The Other Side of the Story - Words Will Sometimes Hurt
I am hereby submitting an article for your consideration. If you do decide to publish it, please do not include my name or the city I live in. The people involved are very close to me; my name and location would immediately identify everyone despite the changes in their names. Since the incident described is an important lesson in Shmirat Halashon, I believe it worthwhile for your readers to learn what can happen when words are not measured before they are spoken.
Sincerely, A reader of Ohrnet
Anger is very powerful. It sometimes causes us to say and do things we later regret. Sticks and stones may break our bones but...
Words Will Sometimes Hurt Us
Malka and Shaindle are sisters. Although they live an hour's drive from each other and don't see each other often, they are in constant phone contact. Malka, bli ayin hara, has a large family. Shaindle, however, has had difficulty having children.
Malka had just given birth to another son. Shaindle, married three years and still childless, was receiving fertility treatments. Involved with work, doctor's visits, and medical tests, she was unable to make the trip to visit her sister after she had given birth.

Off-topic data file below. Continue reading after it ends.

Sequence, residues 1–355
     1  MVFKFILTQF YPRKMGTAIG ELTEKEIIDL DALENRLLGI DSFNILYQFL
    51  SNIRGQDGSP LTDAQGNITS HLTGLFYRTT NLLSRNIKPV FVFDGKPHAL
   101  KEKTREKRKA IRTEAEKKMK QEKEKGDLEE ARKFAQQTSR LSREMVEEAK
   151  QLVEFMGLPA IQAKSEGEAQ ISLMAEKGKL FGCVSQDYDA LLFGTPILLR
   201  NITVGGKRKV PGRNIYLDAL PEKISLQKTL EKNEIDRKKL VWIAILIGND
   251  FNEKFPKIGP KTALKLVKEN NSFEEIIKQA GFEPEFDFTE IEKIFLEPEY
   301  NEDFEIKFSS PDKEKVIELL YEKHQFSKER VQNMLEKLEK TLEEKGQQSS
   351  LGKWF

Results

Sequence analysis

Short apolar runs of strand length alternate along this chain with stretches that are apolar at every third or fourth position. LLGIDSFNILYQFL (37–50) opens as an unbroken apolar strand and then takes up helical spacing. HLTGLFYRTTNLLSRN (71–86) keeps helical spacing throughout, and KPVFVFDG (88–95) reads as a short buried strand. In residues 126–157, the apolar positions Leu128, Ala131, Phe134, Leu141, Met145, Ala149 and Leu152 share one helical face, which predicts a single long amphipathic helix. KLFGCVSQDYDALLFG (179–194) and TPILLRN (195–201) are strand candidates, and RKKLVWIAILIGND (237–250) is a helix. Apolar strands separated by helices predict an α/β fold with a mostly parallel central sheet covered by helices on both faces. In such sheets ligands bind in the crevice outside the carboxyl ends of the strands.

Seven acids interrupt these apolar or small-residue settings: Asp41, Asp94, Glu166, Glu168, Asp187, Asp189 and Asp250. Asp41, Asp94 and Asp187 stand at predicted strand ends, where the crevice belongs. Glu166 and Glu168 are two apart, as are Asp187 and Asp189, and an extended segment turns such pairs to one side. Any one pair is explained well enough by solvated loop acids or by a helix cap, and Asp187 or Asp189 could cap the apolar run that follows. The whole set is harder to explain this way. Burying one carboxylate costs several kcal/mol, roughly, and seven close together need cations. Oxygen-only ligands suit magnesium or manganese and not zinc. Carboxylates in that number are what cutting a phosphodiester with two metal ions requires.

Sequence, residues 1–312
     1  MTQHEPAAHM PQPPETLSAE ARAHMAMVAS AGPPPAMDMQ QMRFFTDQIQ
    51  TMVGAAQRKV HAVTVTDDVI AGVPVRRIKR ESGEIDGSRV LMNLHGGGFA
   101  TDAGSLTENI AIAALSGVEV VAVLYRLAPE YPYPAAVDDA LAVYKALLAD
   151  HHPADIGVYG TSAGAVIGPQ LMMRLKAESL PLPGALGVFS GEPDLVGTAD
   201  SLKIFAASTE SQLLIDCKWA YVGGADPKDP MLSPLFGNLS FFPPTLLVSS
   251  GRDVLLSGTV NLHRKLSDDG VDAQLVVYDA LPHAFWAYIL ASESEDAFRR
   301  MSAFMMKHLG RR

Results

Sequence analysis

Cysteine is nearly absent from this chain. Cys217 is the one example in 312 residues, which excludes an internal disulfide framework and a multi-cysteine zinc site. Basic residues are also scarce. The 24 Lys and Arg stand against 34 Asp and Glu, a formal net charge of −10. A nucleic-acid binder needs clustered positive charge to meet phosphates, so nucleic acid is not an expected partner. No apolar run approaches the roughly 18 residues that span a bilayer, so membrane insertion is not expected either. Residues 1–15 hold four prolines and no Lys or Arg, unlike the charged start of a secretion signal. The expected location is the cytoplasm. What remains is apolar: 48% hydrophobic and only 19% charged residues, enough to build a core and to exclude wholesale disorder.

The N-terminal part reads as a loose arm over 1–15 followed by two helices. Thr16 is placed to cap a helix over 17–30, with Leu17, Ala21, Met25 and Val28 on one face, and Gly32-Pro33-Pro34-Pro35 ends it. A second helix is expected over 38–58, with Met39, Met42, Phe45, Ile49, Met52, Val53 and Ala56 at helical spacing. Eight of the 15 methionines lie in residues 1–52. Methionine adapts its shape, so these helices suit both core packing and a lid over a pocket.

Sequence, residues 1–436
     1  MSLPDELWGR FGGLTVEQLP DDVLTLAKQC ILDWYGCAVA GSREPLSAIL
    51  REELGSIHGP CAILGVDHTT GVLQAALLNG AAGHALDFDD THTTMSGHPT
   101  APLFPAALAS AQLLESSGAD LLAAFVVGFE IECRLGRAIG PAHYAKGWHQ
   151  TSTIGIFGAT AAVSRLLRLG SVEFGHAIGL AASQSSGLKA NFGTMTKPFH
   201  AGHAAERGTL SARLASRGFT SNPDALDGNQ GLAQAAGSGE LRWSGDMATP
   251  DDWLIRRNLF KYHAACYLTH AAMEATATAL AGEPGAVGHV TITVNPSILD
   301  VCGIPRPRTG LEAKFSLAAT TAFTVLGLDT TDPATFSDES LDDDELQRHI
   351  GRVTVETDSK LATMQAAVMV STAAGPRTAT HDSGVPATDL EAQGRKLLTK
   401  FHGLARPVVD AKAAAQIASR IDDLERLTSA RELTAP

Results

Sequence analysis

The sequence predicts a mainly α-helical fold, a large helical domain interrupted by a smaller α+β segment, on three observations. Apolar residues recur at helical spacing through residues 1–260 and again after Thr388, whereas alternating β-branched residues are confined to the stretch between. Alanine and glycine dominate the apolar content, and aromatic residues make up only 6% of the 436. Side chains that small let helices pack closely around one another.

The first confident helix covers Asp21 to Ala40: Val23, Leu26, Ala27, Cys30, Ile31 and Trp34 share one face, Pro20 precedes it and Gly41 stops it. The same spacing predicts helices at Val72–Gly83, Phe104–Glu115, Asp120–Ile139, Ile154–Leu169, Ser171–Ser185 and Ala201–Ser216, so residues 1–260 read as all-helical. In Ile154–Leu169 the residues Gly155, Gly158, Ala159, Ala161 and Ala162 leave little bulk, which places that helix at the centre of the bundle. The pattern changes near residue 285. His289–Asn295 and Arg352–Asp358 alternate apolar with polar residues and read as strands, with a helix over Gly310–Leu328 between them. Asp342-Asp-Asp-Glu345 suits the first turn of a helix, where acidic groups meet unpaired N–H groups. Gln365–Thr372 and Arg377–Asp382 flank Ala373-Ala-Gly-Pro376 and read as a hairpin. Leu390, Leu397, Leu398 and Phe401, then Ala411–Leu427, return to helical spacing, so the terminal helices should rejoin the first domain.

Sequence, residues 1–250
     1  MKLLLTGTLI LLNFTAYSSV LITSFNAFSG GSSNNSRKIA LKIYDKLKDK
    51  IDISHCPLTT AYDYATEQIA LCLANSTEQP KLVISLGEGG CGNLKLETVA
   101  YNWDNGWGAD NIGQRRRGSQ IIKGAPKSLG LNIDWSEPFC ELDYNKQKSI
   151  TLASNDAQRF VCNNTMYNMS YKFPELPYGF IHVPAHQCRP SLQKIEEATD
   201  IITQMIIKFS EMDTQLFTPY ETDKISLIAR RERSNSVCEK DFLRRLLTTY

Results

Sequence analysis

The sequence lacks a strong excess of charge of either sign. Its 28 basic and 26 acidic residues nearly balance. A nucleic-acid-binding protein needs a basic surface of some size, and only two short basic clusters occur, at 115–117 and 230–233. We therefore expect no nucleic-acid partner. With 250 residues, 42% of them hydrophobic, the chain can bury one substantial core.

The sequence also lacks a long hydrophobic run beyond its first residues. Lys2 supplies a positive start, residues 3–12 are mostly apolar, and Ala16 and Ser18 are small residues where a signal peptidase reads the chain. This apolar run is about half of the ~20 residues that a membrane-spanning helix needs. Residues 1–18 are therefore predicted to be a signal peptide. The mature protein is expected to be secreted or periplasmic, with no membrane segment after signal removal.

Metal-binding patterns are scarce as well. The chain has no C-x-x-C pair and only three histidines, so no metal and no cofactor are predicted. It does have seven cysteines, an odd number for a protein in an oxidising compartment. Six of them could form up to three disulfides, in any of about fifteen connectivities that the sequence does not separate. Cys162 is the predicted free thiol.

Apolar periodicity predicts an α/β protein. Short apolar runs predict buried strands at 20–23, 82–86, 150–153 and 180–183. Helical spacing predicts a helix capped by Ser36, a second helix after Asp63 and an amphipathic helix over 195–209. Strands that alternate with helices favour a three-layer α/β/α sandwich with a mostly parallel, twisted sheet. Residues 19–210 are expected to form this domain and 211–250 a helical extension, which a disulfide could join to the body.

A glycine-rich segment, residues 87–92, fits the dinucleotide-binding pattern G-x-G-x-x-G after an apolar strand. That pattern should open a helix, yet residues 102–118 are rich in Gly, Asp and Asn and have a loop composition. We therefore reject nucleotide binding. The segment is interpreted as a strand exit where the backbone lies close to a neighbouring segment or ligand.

Malka knew her sister's problem and was quite understanding. Shaindle and her husband Feivel would be at the brit, of course.
On the day of the brit, Shaindle and Feivel arrived early, earlier than Malka and her family. Malka's mother-in-law, Yehudit, was already at the hall. "Mazal Tov," said Shaindle cheerfully, never anticipating what was about to happen.
Yehudit turned to her angrily and said, "What a selfish sister you are! Never once did you see fit to visit Malka this entire week! No wonder you have no children! Perhaps if you were more considerate of others, Hashem would reward you!"
Shaindle went into shock at this tirade. She turned away, her eyes brimming with tears. The accusation had cut Shaindle like a knife. She was psychologically bleeding. Poor Shaindle couldn't calm down. It took a while before she could regain her composure. She couldn't look at Yehudit, it was just too painful for her to do so.
The minute the words had escaped Yehudit's mouth, she knew she had crossed a red line. She had stepped on very raw toes and felt remorse for her words - but it was too late. Her feeble attempts to apologize were ineffective. The simcha celebration had suddenly turned sour in just a matter of seconds.
After all these years, the memory of that encounter lingers on...
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